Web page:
Monthly Archive for May, 2008

Grania: The Little Hobo(ess)

So as I was watching the sunset over Lake Victoria on the last day of my conference the phone beeped with a text.

“Have got my present from Aziz… it’s a puppy. When are you coming home? D”

Definitely not a message I had ever expected to receive from Dan! As soon as the dancing ended I rushed home to see this puppy. What were we going to do with it?!?

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I came back to a cardboard box on its side and a breathing mass of fur inside. She was really dopey and sleepy and in fact for a moment I though she wasn’t going to survive the night. We settled her down on the balcony and decided to delay making any decisions about the “puppy problem” until the morning.

That night we had a glimpse into the world of having children. In the middle of the night, our little responsibility woke up from her coma, realised that she was not near her mum… in a dark house with strange mzungus… so she did what any baby would do. She cried. The whimpering grew louder and louder until it could not be ignored. So, despite Dan’s pleas to “leave her outside and she’ll stop eventually”, I got up and tried to settle her. During the night I was up a number of times, and in the end she only settled when she was allowed inside. She finally settled down curled up on our bedroom floor at the foot of the bed (on Dan’s side, she obviously knew who the “master” was). It was the cutest sight.

The next morning, absolutely shattered, we discovered that our little puppy hadn’t arrived alone. There was a range of other animals living on her, ranging from ticks to fleas and god knows what else. I was very thankful that I could leave the puppy problem and go to work.

On the way home from work I stopped at the pet shop and picked up the full range of de-flea and de-worm medication. Dan had had an interesting day at work with his new colleague, having to get up every hour or so and take her for a trip to the garden. On the whole, though, she had behaved well.

Her initial excitement of having a human in the house to play with was abruptly ended when she was taken into the bathroom for what was obviously the first bath of her life! She was filthy – the colour of water that came off her was disgusting and full of drowning insects. After a few washes her fur had become several shades lighter and she was no longer insect-infested. Despite this, she was not a fan of me!

After her washing, her true appearance was revealed – light brown with four little white paws. And this helped us to decide on a name – Socksi. “Socksi” means socks in japadola, one of the local languages.

We still hadn’t really addressed the “Puppy Problem”. Now I have wanted a dog for a long time (ever since I had to leave Bandit at home), but I’m well aware of the responsibility that owning a dog brings. You need:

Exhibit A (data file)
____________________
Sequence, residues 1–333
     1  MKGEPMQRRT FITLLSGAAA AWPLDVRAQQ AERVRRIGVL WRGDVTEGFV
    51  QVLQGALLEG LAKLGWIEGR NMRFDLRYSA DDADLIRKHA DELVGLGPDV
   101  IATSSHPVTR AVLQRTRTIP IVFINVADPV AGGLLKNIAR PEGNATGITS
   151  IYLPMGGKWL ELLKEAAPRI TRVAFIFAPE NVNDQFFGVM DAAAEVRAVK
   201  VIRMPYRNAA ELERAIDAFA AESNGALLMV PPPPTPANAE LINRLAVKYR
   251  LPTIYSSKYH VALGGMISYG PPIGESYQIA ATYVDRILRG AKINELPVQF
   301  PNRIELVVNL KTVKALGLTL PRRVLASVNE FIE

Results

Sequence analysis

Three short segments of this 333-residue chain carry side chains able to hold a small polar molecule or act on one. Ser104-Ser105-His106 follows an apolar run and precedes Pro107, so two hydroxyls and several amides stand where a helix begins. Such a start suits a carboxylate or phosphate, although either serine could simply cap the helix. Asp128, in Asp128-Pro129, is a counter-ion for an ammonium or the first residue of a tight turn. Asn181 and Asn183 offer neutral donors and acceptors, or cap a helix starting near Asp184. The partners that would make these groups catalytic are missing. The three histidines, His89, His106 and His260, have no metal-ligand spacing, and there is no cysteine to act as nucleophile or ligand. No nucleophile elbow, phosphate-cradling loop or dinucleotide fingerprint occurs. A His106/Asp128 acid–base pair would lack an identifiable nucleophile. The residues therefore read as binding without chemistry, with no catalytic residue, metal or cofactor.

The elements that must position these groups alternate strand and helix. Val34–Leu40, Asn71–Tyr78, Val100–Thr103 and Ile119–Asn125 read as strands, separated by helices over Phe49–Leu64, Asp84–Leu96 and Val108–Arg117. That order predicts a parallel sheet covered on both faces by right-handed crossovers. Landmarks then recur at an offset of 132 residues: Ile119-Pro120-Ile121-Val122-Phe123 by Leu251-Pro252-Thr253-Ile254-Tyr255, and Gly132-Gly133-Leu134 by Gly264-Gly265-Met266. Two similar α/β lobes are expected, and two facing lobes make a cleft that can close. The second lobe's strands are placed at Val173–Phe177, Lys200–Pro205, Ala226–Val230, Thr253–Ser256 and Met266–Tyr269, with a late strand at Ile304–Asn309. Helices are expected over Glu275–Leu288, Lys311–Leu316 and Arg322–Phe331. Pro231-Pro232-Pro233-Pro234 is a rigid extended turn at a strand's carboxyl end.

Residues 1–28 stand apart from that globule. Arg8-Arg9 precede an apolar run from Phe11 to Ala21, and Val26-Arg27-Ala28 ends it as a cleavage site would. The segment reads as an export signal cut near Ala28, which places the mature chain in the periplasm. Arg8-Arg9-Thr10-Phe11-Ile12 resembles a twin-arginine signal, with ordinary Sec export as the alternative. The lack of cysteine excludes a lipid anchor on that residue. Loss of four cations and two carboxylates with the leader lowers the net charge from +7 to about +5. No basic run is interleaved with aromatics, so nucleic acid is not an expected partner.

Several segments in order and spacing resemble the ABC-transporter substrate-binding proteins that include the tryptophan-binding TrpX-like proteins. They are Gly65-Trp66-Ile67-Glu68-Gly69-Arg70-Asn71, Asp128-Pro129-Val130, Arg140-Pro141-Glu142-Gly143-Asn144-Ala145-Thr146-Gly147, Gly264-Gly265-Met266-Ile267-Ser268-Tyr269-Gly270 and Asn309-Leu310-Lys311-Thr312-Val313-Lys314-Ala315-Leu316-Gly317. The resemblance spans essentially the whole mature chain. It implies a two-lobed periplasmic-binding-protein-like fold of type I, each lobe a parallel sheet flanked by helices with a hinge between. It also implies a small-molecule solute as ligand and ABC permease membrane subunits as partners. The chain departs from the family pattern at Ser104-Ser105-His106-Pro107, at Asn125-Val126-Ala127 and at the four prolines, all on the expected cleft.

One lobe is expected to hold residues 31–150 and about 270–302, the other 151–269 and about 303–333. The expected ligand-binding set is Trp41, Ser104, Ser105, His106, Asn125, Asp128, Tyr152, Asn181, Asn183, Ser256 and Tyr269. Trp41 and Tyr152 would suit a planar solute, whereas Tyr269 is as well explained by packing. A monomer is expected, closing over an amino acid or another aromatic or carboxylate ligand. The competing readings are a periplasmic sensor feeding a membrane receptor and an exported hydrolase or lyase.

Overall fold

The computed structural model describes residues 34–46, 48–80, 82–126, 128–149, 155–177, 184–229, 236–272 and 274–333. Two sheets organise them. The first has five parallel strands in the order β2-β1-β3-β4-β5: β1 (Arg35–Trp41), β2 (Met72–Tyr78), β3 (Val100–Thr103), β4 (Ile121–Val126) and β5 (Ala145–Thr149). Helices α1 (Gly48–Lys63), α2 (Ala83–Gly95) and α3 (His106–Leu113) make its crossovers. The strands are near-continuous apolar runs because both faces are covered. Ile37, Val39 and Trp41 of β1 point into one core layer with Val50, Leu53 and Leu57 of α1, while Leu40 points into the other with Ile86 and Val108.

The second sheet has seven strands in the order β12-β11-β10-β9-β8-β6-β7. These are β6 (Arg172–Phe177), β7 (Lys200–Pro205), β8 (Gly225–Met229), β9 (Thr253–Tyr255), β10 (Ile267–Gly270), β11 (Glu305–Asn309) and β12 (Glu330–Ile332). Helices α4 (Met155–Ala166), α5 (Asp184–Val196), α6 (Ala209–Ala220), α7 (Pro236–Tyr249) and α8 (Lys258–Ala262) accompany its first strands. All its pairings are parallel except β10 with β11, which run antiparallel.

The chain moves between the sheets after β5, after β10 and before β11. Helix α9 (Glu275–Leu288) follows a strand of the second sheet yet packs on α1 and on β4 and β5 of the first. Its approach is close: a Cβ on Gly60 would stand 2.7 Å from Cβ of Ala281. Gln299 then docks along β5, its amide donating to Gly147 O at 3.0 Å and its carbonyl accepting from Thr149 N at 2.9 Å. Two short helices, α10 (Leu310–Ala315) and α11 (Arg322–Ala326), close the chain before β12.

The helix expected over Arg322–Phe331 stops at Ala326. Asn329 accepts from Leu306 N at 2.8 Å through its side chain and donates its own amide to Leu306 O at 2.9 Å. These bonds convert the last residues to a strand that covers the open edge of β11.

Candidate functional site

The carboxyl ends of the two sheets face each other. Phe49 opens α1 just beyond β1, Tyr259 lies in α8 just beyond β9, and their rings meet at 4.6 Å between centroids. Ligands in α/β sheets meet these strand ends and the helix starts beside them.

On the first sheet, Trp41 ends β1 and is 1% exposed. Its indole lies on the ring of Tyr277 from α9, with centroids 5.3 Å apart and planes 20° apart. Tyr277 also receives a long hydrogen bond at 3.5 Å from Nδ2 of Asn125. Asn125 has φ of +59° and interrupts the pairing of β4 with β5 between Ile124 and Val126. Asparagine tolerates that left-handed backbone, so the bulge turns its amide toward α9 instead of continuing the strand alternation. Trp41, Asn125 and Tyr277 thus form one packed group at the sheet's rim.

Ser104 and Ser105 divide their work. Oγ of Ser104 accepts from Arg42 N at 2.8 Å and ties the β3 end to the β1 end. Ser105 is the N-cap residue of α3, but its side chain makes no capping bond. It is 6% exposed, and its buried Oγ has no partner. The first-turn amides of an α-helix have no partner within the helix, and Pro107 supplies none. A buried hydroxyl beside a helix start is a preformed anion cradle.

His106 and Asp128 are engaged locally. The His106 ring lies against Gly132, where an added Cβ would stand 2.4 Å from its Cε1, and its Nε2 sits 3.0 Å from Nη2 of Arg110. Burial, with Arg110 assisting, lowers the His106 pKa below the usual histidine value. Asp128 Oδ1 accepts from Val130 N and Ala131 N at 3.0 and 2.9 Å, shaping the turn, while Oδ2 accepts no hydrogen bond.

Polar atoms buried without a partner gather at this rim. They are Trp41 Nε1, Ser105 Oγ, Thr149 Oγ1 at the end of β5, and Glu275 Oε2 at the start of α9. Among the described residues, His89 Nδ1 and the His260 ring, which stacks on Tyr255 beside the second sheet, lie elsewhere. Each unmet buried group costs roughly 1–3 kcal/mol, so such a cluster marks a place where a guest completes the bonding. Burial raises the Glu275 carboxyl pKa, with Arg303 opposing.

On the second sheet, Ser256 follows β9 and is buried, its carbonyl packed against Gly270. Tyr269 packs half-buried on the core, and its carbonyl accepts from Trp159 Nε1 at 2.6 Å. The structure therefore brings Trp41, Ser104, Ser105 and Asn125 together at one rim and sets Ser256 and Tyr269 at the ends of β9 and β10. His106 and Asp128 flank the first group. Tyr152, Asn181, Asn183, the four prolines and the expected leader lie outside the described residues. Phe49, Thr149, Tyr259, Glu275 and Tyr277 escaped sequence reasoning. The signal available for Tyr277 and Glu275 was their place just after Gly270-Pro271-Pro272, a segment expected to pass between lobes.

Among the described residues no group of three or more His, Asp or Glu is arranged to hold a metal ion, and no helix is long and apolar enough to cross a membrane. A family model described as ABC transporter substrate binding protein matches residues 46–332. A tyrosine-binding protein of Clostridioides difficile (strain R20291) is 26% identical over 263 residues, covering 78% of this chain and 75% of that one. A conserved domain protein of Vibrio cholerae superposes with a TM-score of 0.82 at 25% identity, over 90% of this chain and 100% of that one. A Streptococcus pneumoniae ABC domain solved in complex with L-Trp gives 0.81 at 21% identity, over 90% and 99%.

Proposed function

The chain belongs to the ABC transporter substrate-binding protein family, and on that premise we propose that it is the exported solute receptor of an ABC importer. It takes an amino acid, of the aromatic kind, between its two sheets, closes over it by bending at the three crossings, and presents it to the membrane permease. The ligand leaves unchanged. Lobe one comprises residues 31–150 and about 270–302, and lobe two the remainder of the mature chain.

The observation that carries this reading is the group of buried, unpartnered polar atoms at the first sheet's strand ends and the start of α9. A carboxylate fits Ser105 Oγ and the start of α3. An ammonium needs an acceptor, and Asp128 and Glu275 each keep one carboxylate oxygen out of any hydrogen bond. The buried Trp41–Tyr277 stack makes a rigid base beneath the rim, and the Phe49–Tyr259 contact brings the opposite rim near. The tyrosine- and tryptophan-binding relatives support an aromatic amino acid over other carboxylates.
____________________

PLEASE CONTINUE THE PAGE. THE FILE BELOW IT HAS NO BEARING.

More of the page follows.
• A suitable house – we live on a first floor flat
  • To prepare for it, know its parents and ensure that it has been vaccinated & properly weaned – not to discover it in a cardboard box
  • To be prepared to be around – we like to explore the countryside and are out of town quite a lot
  • To make a commitment – we are leaving in four months

So the reasons why we should not have a dog were fairly obvious BUT Socksi had such a cute little face, a very sweet temperament, was seemingly easy to train and had an ability to make you smile – she had taken to running madly round the house first thing in the morning, full of excitement for the day ahead!

We decided to wait for a couple of days and see. Although we live on the first floor we are in a compound with a large garden, but unfortunately the neighbours downstairs bought a puppy at Christmas who has now grown into a jumping, nipping, barking monster. Annoyingly, this meant that we could not leave Socksi alone in the garden.

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After two days it was obvious that the doggy dream was not going to work. A balcony is not a place to keep a small dog for long periods of time and Dan’s plants were suffering from her boredom. The inevitable decision was made easier when a Ugandan friend heard of our gift and our predicament.

Okumu, a cousin of Phil’s, lives in a village called Nagongera in the far east of Uganda. He was about to buy a new dog as his previous one had died of old age. When he heard about our problem Okumu offered to take Socksi, and after much thought we agreed.

We have been up to Nagongera before, and it is ideal for a dog. Okumu’s land is large with lots of fields for Socksi to run around in, hardly any cars and best of all Okumu lives there permanently. So Socksi was packed up back into her Waragi box (minus fleas and ticks, plus new collar and some tins of dog food) and has made her way to the village. She is apparently doing very well and we will be going up to see her again before we leave.

As Dan said we really appreciate the gift from Aziz. It was very generous, but I just wish that it had been a bottle of Waragi instead as it would have not caused as much heartache, only a headache!

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